41. 41. 41 26 November 2015 So they say… true or false ? SIGFOX does not support mobility while LoRaWAN does True: SIGFOX has a current limitation wrt mobility under certain conditions Although more robust against mobility by nature, LoRaWAN has limitations too
  42. 42. 42 26 November 2015 • Due to the very low bitrate, messages are very long in time: • SIGFOX: 26 bytes = 208 bits = 2.08s • LoRa: 40-60 bytes = 320-480 bits = 1-1.5s • A lot can happen in 2.08s when in urban environment: • Intersection crossing • A car drives by • Etc • … whereas the base-station assumes the channel (ie RF wave propagation path) does not change for the whole duration of the message: Linear Time-Invariant (LTI) channel  Message can be lost  An accelerometer can help assess when to Tx  Time and spatial redundancy help  LoRa error correction mechanism helps a lot Mobility with LPWAN Courtesy of www.aruco.com 2.08s
  43. 43. 43 26 November 2015 So they say… true or false ? 100m geolocation without GPS is possible in a LoRa network while impossible with SIGFOX True: if a node is seen by at least 3 LoRaWAN base- stations, it can be located with an accuracy of 20-200m
  44. 44. 44 26 November 2015 Geolocation inside a LoRaWAN network • Measuring distances can be done 2 ways: • RSSI (Received Signal Strength) = imprecise • Time-of-Flight of the radio wave = precise • LoRa, given its spectral/time properties, makes it possible to measure a time of flight with a precision of 200ns-1µs under good receive conditions • 200ns . c (3e8 m/s) = 60m • Nodes and network are NOT time synchronized  Not possible to measure distance to 1 BS only • If BS are time-synchronized, they can time-stamp the same message they receive (almost) simultaneously  These tiny time-of-arrival differences can be used to compute the relative distance of a node between 2 BS: locus = hyperbola  3 BS required to compute a location in DTOA (Differential Time of Arrival)  Dense network needed!! BS1 BS2 BS3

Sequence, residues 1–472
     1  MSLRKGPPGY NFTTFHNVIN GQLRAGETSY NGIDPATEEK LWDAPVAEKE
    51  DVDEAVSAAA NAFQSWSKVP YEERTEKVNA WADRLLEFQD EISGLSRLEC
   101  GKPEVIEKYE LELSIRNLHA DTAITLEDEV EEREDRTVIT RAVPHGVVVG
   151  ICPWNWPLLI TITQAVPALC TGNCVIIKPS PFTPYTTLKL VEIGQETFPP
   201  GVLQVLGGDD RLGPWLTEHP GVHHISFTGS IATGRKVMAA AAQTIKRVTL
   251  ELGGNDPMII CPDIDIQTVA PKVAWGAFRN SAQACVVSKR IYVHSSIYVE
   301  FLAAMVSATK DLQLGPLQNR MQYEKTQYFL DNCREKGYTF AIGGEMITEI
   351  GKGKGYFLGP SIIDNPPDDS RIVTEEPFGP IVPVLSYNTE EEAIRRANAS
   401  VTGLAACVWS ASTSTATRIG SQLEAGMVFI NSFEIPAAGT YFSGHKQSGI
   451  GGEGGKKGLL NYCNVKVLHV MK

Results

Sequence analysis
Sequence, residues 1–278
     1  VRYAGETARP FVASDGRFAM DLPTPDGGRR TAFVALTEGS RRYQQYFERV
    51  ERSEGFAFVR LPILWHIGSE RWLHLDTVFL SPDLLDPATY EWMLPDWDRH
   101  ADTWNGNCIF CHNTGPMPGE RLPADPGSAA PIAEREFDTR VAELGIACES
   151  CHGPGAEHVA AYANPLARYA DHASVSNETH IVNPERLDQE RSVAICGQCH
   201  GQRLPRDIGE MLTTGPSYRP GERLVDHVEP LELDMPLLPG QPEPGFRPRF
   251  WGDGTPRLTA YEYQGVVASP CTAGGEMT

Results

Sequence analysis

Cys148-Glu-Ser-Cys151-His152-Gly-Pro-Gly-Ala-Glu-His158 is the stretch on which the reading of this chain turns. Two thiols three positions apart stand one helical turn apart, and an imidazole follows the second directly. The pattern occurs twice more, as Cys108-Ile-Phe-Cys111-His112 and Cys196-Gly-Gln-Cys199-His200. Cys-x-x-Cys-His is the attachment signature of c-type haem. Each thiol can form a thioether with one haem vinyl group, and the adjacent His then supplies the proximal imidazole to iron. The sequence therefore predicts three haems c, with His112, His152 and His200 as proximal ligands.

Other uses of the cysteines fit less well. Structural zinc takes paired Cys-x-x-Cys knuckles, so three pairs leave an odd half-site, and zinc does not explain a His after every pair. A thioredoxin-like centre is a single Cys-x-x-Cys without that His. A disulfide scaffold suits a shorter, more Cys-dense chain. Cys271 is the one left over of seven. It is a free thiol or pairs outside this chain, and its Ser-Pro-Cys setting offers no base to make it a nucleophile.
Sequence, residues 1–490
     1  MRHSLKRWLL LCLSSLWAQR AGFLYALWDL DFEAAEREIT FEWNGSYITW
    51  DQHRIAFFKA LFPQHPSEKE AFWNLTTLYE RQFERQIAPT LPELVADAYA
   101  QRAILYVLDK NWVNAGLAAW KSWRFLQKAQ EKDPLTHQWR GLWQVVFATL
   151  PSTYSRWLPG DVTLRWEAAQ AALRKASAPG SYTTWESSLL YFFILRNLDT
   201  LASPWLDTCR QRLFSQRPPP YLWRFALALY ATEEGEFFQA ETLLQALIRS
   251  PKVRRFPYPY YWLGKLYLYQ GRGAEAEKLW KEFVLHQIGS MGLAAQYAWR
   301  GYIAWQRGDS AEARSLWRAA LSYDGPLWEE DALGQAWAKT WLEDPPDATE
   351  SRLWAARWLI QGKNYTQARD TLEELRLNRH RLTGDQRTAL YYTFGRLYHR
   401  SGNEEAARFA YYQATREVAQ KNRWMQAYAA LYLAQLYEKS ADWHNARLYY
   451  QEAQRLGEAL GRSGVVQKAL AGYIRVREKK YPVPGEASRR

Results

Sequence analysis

45. 45. 45 26 November 2015 So they say… true or false ? LoRaWAN is for private networks only while SIGFOX covers countries False: both will cover countries But: LoRaWAN is also great for private networks whereas this is not SIGFOX’s business model
  46. 46. 46 26 November 2015 SIGFOX network operators • France: SIGFOX • Spain: CELLNEX • NL: AEREA / TELE2 • UK: ARQIVA • Portugal: NARROW NET • Belgium: ENGIE M2M • Luxemburg: RMS / POST • Italy: NETTROTTER • Denmark: IoT DENMARK • Ireland: VIZOR • Poland: EED • USA: SIGFOX LoRaWAN MNOs • France: BOUYGUES TEL – ORANGE • NL: KPN • Belgium: PROXIMUS • Switzerland: SWISSCOM • South Africa: FASTNET • UAE (United Arab Emirates): du • Russia: LACE • USA: SENET • India: TATA • Private networks everywhere: ACTILITY Who are the operators ? Nov 2015 + 50 pilots for both technologies around the world